Many Canadians have been rabble roused to extremes over revelations that Canadian Foreign Aid to Iran amounted to $2.5 million over 2018. Even though aid to other nations like Afghanistan, Syria and Ethiopia were magnitudes larger, a writer from the Canadian Action Party embodied a the worst of neocon bigotry asking HOW could Canada give any money to “a theocratic fundamentalist state, an oppressive Islamic government, as well as human rights abusing, anti-Christian society”?
Such views of Iran completely ignore the fact that Iran hosts over 100 000 Christians who enjoy religious freedom to worship and additionally host another 12 000 Jews (the largest group in the Middle East outside of Israel) whose rabbis have recently stated to USA Today feel “safe and respected” in the nation which western press characterizes as driven to wipe all Jews off the map.
Iranian rabbi Nejat Golshirazi described the lives of Jews in Iran with the following words: “We have all the facilities we need for our rituals, and we can say our prayers very freely. We never have any problems. I can even tell you that, in many cases, we are more respected than Muslims.”
One dimensional anti-Iranian thinking is both popular across the American and Canadian populations, and reflects a total ignorance either to how the real world works or what Canada’s role is within it. Evangelicals polarized by such bigotry tend to lack any ability to recognize facts which conflict with their prejudices as they can only attack “Iran friendly liberals” like Obama or Trudeau while ignoring anything which those same liberals have done to advance imperial war on Iran or other Muslim nations more generally (including their support for Saudi-backed Wahhabi terrorists used in the overthrow of moderate Arab governments from Iraq to Libya and Syria). Most recently this agenda was reflected in the passage of Canada’s August 2019 law which directs money gained from the sale of Iranian-owned properties confiscated after Ottawa’s 2012 cancellation of all diplomatic contact with Iran to the victims of Iranian-sponsored terrorism.
When dealing with Canada and the globally extended British Empire (here I am not referring to the institutions of the British nation per se), the Iranian leadership has a pretty good assessment of the beast, and in the case of much of what Canada does on the international level, Iran recognizes that the purpose amounts to “psychological warfare”- whether it is Harper’s 2013 shutdown of all diplomatic contact with Iran or Trudeau’s current policy, the aim is the same: Use Canada’s reputation as the model of good governance, and polite hockey-loving moral righteousness towards rallying international support for imperial goals.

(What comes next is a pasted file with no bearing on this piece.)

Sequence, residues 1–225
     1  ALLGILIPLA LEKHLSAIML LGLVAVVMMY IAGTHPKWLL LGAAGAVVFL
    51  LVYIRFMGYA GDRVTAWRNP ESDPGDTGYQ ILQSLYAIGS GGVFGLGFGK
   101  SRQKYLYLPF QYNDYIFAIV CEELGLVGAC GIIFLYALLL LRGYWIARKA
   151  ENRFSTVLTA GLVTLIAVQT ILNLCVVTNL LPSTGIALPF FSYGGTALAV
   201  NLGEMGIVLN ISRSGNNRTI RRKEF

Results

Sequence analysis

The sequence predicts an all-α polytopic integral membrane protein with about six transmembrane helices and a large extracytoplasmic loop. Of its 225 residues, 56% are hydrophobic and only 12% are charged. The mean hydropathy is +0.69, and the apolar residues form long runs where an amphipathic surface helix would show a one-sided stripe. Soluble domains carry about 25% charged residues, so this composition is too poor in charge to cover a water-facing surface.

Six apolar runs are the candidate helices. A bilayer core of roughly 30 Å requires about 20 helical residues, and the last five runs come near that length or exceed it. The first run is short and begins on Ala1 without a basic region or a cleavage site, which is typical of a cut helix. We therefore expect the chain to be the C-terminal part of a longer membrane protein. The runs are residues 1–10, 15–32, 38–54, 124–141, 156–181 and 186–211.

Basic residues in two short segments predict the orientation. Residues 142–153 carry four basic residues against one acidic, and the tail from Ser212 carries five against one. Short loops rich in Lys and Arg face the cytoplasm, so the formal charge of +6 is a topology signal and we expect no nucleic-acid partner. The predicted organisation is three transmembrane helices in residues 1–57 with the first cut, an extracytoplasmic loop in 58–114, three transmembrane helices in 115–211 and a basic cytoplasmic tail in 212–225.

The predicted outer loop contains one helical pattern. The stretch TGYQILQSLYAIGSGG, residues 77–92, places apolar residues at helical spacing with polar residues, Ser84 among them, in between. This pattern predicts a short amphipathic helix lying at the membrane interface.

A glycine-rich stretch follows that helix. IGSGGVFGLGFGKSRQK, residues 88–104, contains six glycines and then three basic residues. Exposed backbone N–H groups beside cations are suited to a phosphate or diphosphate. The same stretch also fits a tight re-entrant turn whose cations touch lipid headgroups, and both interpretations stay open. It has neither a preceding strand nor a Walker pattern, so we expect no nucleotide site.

This is ultimately a game of British philosophical liberalism upon which today’s globalized world order is premised. Things can only move if the semblance of democracy underlies military, ecological and economic demands of the empire through the force of “popular opinion”. With the Goebbles-like controls on mainstream media, this popular opinion is rather easily directed to certain policy objectives that are not in the interest of any of those nations duped into believing and demanding for those policies of empire.
Canada’s role as a “middle power” as it’s currently understood was shaped by certain Rhodes Scholars and Fabians in the 1940s and 1950s like Escott Reid (who should be credited as the actual founding father of NATO), and put into practice in its current form by Pierre Trudeau who described his view of Canada’s role in international affairs as “creating counterweights”. To this very day, most people have no idea how to comprehend what the game was which Trudeau the elder saw Canada “balancing”, or for whom.
Matthew Ehret is the Editor-in-Chief of the Canadian Patriot Review and has authored 3 volumes of ‘Untold History of Canada’ book series. His works appear regularly on The Duran, Strategic Culture, Sott, Fort Russ, Zero Hedge, Global Times, L.A. Review of Books, LeSaker.fr, Vigile Quebec, South Front and Veterans Today. He is a correspondent/BRI Expert for Tactical Talk. In 2019 Matthew co-founded the Montreal-based Rising Tide Foundation. He can be reached at firstname.lastname@example.org
The statements, views and opinions expressed in this column are solely those of the author and do not necessarily represent those of The Duran.